I am busy searching for more information on athletics at Williams. As always, pointers are appreciated. Anyone more interested in seeing information about our class and reunion activities should send in an Eph Blurb. We publish everything we get.
In any event, there was a Williams Record editorial on athletics last year. The editorial notes that:
The Ad Hoc Faculty Committee on Athletics has just released a detailed, thoughtfully considered analysis of the status of athletics at the College. Although it is open to interpretation, it appears that the report finds, in general, that there is not a major problem with the athletic program at Williams, but rather with a small number of athletic teams.
I would love to find a copy of that report, but no success so far. The most disturbing paragraph in the editorial was:
The report finds, in general, that female athletes on campus do not suffer from these tendencies. However, particularly in two men’s teams whose members predominantly (78 percent) major in Division II subjects, this is not the case. The greatest concern of faculty in the two departments within division two “is evidence of anti-intellectualism, of clear disengagement and even outright disdain, on the part of varsity athletes…in particular sports,” the report states, referring to two specific men’s teams. Division II faculty feel that often they have athletes who only want the bare minimum grade, which forces them to “dumb down” courses or structure courses around menial assignments that check whether or not students are doing their work.
Two men’s teams? Let me guess: squash and skiing? The Record provides an overview article about the report here. The discussion of “tips” is interesting.
This year, Williams has cut down the number of athletic “tips” it gives from 72 to 66. The term “tip,” according to the report, is misleading. Rather than tipping the scale for an athlete when all else is equal, the report says that tips “more accurately should be seen as ‘coaches’ preferences.’ Coaches are allocated a certain number of choices per year, depending on the sport,” which must be ratified by the admissions department. The athletics department, according to Sheehy, is getting close to the point where it cannot remain competitive given the few slots it is allowed.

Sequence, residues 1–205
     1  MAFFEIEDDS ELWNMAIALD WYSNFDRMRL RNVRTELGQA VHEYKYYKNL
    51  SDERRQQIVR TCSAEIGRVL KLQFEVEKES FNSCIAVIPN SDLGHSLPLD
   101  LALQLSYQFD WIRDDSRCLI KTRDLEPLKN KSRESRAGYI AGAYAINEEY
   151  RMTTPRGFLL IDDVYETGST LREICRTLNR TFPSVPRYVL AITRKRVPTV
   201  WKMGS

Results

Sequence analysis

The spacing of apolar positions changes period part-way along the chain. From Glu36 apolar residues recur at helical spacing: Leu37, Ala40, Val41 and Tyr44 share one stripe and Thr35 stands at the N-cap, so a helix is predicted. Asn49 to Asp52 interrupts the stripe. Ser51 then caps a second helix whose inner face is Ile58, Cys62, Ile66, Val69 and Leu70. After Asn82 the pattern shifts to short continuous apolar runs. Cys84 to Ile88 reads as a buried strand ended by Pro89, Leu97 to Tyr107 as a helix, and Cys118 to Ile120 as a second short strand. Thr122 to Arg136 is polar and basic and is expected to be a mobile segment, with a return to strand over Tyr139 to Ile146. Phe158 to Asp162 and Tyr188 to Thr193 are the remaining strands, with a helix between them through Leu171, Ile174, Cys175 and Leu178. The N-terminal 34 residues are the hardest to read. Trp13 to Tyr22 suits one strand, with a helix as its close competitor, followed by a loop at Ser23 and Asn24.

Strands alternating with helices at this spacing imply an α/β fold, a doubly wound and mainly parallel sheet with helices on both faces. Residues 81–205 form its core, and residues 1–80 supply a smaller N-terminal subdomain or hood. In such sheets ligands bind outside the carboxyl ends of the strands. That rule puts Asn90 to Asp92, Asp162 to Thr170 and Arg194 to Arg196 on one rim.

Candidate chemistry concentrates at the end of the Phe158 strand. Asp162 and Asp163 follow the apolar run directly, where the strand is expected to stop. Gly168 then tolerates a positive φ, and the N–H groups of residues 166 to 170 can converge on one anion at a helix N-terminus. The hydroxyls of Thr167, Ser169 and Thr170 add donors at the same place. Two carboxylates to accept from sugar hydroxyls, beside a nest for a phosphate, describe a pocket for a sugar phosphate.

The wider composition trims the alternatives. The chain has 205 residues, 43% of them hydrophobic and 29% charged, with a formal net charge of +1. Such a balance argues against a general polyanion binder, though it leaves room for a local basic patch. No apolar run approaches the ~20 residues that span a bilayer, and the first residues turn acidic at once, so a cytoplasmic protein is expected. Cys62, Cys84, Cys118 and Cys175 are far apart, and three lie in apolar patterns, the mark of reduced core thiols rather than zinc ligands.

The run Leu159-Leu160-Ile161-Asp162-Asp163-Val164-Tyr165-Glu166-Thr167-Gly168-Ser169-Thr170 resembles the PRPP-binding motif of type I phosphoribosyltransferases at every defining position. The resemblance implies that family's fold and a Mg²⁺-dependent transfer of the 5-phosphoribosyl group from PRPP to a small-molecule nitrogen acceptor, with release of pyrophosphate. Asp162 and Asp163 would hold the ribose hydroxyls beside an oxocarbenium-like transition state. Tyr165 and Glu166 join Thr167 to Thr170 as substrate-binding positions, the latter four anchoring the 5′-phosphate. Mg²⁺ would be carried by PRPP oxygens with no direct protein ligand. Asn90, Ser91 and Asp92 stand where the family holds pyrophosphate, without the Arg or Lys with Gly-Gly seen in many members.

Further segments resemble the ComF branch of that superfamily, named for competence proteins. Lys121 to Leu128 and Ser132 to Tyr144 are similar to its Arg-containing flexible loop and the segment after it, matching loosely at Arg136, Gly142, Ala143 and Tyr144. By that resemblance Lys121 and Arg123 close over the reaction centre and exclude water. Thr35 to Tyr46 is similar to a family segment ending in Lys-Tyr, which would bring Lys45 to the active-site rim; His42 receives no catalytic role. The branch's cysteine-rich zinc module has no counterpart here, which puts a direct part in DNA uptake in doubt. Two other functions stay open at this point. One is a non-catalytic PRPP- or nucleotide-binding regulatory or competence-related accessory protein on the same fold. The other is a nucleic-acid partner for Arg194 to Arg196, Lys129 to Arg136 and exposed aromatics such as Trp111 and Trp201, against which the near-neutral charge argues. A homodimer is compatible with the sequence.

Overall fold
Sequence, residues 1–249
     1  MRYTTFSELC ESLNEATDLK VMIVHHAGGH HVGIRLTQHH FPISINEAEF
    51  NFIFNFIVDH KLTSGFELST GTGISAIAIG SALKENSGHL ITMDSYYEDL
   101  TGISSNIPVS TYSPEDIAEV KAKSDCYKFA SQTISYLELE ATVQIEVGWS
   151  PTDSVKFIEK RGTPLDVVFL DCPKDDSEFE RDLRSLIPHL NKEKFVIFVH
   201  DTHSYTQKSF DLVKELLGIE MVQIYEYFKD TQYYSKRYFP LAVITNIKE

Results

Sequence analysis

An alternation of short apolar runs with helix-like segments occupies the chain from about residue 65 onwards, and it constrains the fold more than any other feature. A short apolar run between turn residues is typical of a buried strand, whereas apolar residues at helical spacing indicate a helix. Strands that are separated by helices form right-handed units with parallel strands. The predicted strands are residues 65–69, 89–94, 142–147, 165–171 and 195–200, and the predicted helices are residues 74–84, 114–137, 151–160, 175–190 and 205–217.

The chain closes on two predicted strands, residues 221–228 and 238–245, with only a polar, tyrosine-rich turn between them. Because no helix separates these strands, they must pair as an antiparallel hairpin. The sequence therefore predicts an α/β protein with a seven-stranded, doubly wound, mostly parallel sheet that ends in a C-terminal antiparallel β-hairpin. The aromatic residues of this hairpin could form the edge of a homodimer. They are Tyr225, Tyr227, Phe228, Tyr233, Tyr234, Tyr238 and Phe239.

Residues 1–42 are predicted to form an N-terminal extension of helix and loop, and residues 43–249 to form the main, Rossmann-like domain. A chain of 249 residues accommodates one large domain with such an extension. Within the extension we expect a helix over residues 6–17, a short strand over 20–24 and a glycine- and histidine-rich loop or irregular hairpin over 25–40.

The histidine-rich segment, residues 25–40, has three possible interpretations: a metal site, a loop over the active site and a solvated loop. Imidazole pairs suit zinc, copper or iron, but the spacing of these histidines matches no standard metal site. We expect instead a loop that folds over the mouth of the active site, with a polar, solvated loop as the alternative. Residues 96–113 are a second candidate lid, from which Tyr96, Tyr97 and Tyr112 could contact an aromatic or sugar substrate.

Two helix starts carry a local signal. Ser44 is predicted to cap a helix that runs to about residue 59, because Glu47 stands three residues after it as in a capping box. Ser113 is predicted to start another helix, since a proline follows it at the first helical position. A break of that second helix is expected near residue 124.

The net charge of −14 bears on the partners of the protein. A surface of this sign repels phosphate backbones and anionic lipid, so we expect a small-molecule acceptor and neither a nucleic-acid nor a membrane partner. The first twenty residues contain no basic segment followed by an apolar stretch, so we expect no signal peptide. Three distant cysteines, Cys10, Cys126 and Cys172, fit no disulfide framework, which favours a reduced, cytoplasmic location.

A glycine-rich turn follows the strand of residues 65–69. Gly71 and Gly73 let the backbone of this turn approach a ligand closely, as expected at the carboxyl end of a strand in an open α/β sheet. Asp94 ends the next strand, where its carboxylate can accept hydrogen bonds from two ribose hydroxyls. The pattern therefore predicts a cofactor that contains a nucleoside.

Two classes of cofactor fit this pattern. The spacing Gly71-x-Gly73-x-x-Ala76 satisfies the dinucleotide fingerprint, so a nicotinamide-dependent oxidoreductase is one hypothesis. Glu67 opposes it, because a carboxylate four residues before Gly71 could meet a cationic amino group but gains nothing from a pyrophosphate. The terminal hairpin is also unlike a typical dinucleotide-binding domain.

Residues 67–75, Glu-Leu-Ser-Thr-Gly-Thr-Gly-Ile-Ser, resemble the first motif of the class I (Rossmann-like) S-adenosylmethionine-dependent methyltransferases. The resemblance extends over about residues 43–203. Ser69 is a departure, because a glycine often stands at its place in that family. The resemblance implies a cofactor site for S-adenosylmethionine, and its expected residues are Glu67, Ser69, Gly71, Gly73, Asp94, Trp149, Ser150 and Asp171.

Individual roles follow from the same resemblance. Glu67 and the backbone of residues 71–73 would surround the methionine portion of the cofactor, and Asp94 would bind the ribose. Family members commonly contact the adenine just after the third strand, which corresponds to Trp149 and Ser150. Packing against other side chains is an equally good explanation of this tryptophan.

“We have really come to the point where our coaches can’t make any mistakes,” Sheehy said. “The school has to decide how competitive it wants to be.”
Perhaps the Record has mischaracterized Coach Sheehy’s position here. Over the last decade, Williams has had, far and away, the most successful Division III athletic program in the country. What would happen if the college cut the number of tips in half, to around 30? I am certainly ready to believe that this would prevent us from winning the Sears Cup. But it is hard to believe that we wouldn’t still be “competitive”. Surely most of our teams would still be win 1/2 their games. Surely some of our teams would be Little Three champions. How horrible a world would that be?
The Record also had an article this past fall that described the inception of a new standing committee on athletics. Nothing in it is that interesting, but the following quote is priceless.
Though the members of last year’s ad hoc Faculty Committee on Athletics frequently said they were appointed because of their publicly neutral opinions towards athletics, several members of the new committee have been outspoken about their views.
Sheehy has been a vocal supporter of athletics at faculty meetings and in other public forums, while Shanks has represented the opposite end of the spectrum. In 2001, she told the Record “of course, this isn’t a college. It’s a Nike Camp with enrichment classes” (“Some faculty voice concerns about athletics,” March 13, 2001).
If only this blog could come up with lines like that . . .